“No no no…I didn’t…That’s not what I meant. We’re not going to trap you or follow you against your will...” Garia saw, out of the corner of his eye, Cadell approaching them. Wonderful. “ I only meant to say, we’re all looking to find a town, right? Safety in numbers. Three is company. We desperately need a third for riding songs because, frankly, Cadell sounds like a mule in heat.” he threw in a hopeless joke. Against all odds, or perhaps because of the pent-up stress, the girl let out a clear laugh. It was short and abruptly ended as if she had embarrassed herself. But there was no more fear in her eyes. Relieved, Garia flashed his most friendly and charming grin. It had less than the desired effect, as the girl shook crumbs from her hands and turned to face Cadell.
"I told the lady we'd accompany her to the nearest town if she wishes." put in Garia quickly. Eyes fixed on Cadell, Pointy nodded. "I don't wish to be a bother" she said "but if we really are travelling in the same direction..."
"Your company will be a pleasure." said Cadell gently, and smiled.

They were ready to leave not long afterwards, a need for haste unspoken but felt by all. Cadell walked back down to the river and all around the campsite before mounting his horse, and Garia asked him the purpose.
"You worried about a tail." the mercenary replied and they both fell back to have a quiet talk out of Pointy's hearing range. It may have not been necessary, as the girl was completely preocuppied with her horse. She had pressed herself against its velvety neck, and spoke to it softly as they rode.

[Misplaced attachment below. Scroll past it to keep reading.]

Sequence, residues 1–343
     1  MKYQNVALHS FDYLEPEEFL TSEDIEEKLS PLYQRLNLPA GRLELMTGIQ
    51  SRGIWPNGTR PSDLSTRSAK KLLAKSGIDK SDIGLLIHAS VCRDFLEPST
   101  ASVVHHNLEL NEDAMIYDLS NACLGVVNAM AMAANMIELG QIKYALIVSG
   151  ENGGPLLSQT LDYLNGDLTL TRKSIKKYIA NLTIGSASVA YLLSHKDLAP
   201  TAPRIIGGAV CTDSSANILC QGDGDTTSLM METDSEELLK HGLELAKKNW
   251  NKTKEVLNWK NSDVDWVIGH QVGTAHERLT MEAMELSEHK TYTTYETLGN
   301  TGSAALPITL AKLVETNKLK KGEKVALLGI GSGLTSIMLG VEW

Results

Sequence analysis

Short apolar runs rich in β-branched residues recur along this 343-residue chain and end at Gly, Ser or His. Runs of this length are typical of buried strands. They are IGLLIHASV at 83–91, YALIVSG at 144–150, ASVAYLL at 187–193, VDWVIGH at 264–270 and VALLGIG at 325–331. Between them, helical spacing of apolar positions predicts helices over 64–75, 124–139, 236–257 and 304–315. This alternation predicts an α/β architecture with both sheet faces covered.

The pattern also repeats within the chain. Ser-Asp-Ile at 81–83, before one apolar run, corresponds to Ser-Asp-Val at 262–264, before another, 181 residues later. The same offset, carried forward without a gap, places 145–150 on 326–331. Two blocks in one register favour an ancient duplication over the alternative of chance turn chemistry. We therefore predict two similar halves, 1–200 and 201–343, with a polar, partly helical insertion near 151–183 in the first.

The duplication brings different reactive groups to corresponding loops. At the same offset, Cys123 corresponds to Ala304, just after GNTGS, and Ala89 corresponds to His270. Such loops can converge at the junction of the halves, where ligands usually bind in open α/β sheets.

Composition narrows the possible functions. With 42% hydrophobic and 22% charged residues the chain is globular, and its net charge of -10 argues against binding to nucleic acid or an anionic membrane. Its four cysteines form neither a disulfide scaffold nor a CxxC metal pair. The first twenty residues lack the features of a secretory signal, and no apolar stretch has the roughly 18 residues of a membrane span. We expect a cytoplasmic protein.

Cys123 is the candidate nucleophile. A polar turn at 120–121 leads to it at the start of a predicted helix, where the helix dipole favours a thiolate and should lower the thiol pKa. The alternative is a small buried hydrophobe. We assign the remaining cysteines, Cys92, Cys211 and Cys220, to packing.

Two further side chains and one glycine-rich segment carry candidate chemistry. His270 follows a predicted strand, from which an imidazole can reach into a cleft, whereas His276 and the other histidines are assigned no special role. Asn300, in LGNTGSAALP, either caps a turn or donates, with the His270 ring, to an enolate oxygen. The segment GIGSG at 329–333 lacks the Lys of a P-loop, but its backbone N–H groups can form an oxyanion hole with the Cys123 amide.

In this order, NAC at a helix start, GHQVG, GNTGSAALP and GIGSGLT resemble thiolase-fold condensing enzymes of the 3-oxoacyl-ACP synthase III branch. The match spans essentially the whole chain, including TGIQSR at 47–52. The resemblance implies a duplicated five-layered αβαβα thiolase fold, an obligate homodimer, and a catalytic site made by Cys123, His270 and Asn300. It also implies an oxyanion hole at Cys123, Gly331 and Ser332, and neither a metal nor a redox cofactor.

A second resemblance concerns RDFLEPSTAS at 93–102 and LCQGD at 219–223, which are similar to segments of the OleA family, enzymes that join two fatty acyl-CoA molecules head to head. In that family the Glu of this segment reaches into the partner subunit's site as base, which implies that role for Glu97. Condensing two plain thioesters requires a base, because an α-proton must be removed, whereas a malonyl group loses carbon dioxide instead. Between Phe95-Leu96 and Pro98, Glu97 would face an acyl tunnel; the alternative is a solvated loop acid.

"I made sure we had left no traces of our stay." resumed Cadell. Garia's eyebrows rose.
"They wouldn't be looking for us.” he wondered aloud. “Not for three horses, not for two men."
"But one horse and one girl they know well. I don't think she has ever made such an escape before." Cadell pointed out.
"She rode like crazy, didn't she. Say, how far is the nearest town?"
"A few days. We should reach a better road by this evening."
"And a good road brings a good hire."
"We find ourselves in a strange situation, I'd like you to keep that in mind. We may meet an honest hire..."
"I don't think that last one was very honest, did you?"
"...or we may meet her pursuers."
“Hang on a moment, if she doesn't know where exactly she rode from, how can we be sure we're not marching straight into their loving arms?”
“Because when we found her, I paid attention to the trail she left. The grass grows tall in these parts. Let us hope it rains before evening.”
Pointy had finished conversing with her horse and looked over her shoulder, puzzled. They rode up to her, one on each side. Even in the sunshine, she still looked haunted by her flight. But as they rode on, both Garia and Cadell were pleased to see that her features gradually softened, and she stopped trying to simultaneously keep an eye on both of them as well as the path behind. Like Cadell predicted, by suppertime they reached the better road, and paused at the edge for a short while before following it westward. A few stray droplets made Garia look up at the cloudy skies, and against the way of someone with no roof or shelter, hope for rain.